Shelli Rampold 03:59

marijuana the burning weed when its roots in hell. In this film, you will see the ease with which this vicious plan can be grown in your neighbor's yard rolled into harmless looking cigarettes, hidden in an innocent shoe or watch case.


Phillip Stokes  04:18

While this clip was about the dangers of marijuana, I personally found it funny that they refer to cigarettes as harmless. And once again, if we haven't said it enough, hemp is not marijuana, but it was around the time period of this film being released when hemp lost favor as an agricultural commodity due partly to the growing concern of the hallucinogenic properties found in cannabis sativa. With that, let's join in on my conversation with Dr. Rampold, as she's introducing the study she conducted in the PIE Center.


Shelli Rampold 04:50

I was contacted by Dr. Zachary Brym and he was interested in conducting a social science aspect of this so we did was we developed a survey and we conducted that with Florida residents. And the purpose was a pretty big was a pretty big survey instrument. And the purpose of this was to assess their objective knowledge. So their actual knowledge what they do and don't know about about hemp and hemp production, their subjective knowledge that's like their self-perceived knowledge, what they think they know about hemp topics. And then we also asked about their attitude toward legalizing hemp production, because we do have hemp license holders in the state of Florida now. And we also asked about their attitudes toward legalizing marijuana because prior research has shown that there's, and the history of hemp shows that there's historically been a strong association between the two. So we figured we might as well take a look at that. We also asked them, we also forced them to answer if they had to pick a stance would they be overall for or against? Or are they overall for or against legalizing hemp cultivation and production? And then we asked some open ended questions to dig a little bit deeper where they could do text entry responses to explain that stance. So if they said that they were overall for it, we asked them to list the top three reasons why they were overall for it, if they were overall against it, we asked them to, again, list those top three reasons why. And then we dug through some of that data to identify themes to further explain whether they're for or against it. And then we asked a couple of other questions about personal relevance. So we asked, you know, if they thought it impacted them, their state if it was personally relevant to them? And then another measure of personal relevance was their use of it? You know, are they using ingestible, or topical hemp products? What kind of products etc. And then we've, we've wrapped it up with some questions specific to the hemp pilot project, if they've heard about it, if they did hear about it, how did they hear about it? What some, what are some questions that they had moving forward that perhaps we could get out there and some communication materials and highlight as part of the program? So that was, in a nutshell, kind of what the purpose of that that research was?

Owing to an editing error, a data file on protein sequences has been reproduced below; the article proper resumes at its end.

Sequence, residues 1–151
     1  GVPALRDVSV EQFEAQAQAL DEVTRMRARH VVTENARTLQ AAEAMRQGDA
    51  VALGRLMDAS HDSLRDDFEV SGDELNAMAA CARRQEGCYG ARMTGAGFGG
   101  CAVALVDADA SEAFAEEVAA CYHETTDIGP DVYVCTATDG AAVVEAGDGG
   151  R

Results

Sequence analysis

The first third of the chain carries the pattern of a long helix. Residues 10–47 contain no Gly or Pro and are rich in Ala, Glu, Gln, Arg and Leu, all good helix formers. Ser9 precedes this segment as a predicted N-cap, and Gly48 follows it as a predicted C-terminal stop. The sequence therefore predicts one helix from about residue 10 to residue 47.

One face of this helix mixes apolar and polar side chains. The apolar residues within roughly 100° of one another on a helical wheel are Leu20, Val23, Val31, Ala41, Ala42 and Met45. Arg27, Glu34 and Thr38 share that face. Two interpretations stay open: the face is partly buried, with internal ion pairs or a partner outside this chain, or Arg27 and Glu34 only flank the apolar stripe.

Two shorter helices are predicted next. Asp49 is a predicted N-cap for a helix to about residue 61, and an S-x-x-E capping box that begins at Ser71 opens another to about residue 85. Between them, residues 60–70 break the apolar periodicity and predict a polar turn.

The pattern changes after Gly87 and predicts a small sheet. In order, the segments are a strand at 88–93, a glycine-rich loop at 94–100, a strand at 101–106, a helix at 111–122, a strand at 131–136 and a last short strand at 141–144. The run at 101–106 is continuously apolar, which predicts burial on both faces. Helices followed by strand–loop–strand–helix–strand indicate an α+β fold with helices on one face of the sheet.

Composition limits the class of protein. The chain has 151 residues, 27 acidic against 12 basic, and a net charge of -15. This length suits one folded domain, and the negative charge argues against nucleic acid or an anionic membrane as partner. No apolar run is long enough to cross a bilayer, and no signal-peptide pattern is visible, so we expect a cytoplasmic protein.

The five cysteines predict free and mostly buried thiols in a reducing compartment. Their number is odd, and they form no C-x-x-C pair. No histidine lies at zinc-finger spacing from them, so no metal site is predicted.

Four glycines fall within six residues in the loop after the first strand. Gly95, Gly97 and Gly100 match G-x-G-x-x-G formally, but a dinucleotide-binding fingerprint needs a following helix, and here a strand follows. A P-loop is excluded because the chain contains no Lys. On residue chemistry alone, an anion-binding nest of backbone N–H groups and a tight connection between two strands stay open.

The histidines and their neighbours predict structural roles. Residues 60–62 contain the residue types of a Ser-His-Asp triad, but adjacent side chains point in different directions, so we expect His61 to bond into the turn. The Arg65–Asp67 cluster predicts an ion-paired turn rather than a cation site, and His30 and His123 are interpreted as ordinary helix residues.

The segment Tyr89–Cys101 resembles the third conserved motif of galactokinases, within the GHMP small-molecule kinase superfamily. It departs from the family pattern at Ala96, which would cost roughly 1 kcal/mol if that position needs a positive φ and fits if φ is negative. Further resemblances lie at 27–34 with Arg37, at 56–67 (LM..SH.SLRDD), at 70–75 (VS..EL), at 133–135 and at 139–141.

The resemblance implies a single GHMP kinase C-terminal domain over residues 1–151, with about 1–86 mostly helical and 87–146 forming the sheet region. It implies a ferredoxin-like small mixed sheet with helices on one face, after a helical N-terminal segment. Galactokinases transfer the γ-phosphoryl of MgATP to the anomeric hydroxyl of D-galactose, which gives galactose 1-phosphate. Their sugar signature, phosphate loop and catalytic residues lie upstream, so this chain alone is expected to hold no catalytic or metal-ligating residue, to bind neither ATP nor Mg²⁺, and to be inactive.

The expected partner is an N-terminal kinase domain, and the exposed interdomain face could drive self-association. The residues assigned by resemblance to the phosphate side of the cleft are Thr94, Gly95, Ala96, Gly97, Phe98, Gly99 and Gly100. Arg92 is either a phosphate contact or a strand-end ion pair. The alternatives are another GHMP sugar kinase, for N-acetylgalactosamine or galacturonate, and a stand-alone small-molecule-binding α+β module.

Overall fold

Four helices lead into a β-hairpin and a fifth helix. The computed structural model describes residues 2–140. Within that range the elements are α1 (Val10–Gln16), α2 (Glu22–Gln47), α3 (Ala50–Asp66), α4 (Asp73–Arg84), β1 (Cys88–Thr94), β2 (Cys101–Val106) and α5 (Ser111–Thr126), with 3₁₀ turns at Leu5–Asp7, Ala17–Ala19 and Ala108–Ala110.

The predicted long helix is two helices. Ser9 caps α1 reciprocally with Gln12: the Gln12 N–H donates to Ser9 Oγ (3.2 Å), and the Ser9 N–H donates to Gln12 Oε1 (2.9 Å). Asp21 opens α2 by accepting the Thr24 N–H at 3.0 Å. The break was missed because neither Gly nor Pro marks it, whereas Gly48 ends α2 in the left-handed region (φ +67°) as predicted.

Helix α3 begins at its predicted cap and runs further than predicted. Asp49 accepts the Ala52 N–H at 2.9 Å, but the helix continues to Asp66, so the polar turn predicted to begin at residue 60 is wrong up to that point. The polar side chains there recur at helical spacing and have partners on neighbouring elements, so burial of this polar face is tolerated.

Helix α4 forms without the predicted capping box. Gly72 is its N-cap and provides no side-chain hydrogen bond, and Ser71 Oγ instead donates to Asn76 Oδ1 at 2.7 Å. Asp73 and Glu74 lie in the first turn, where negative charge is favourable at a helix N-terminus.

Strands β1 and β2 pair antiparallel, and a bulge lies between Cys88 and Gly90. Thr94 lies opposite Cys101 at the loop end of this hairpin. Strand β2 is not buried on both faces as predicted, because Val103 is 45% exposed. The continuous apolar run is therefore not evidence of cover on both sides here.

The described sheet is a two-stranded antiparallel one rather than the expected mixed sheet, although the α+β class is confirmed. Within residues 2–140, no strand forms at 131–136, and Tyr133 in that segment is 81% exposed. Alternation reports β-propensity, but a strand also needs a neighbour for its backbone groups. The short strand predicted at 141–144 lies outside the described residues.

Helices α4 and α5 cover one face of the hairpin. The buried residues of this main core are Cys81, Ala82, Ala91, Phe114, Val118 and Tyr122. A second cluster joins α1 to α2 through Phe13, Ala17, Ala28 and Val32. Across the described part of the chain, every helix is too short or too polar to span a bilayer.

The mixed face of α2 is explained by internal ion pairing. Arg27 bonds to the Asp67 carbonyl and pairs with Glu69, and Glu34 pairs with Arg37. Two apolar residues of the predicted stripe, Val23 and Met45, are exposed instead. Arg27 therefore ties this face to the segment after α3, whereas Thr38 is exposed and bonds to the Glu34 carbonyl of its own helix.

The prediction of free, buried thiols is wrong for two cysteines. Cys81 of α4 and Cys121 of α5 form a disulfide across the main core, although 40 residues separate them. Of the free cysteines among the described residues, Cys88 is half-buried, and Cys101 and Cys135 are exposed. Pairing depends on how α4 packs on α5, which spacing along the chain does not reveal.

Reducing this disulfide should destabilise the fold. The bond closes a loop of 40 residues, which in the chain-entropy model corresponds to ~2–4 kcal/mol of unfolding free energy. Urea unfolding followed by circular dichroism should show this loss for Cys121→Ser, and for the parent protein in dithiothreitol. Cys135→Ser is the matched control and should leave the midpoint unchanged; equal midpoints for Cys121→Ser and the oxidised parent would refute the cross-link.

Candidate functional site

Phillip Stokes  06:59

So why would you get all this information? All that stuff that you just talked about? You get all this information? What can you do with that? Why is it important to know that information? Why would Zach Brym want to know that information? Why would it be important to the hemp pilot project here at the University of Florida?


Shelli Rampold 07:15

Well, that's a great question. And I think the best way to answer that is to use other examples. I always call it the GMO fiasco. Because we already know that with genetic modification, there's a lot of public opinion about it, that it's that we can't take, we can't get back now. We can't put that toothpaste back in the in the tube, I guess, if you will. And so before we ended up with a situation like that, with this new agricultural commodity, that's not that's not been incredibly highlighted yet, that the public isn't incredibly aware of yet. We want to go ahead and get out there and and figure out what were some of those knowledge gaps were, what are some of their concerns that we can start marketing now, we still don't know if if hemp is going to be a viable commodity in Florida. We're still we're, I'm sure. Dr. I think I believe you talked with Dr. Brym about that we're still learning if hemp can even grow well, in Florida, you know, is there a future for it here. But if there is, consumer buy in is going to be incredibly important, just like with any other agricultural technology, or new crop or anything like that consumers drive the market. So we want to make sure that the knowledge they need is out there as we're introducing reintroducing hemp production into the United States.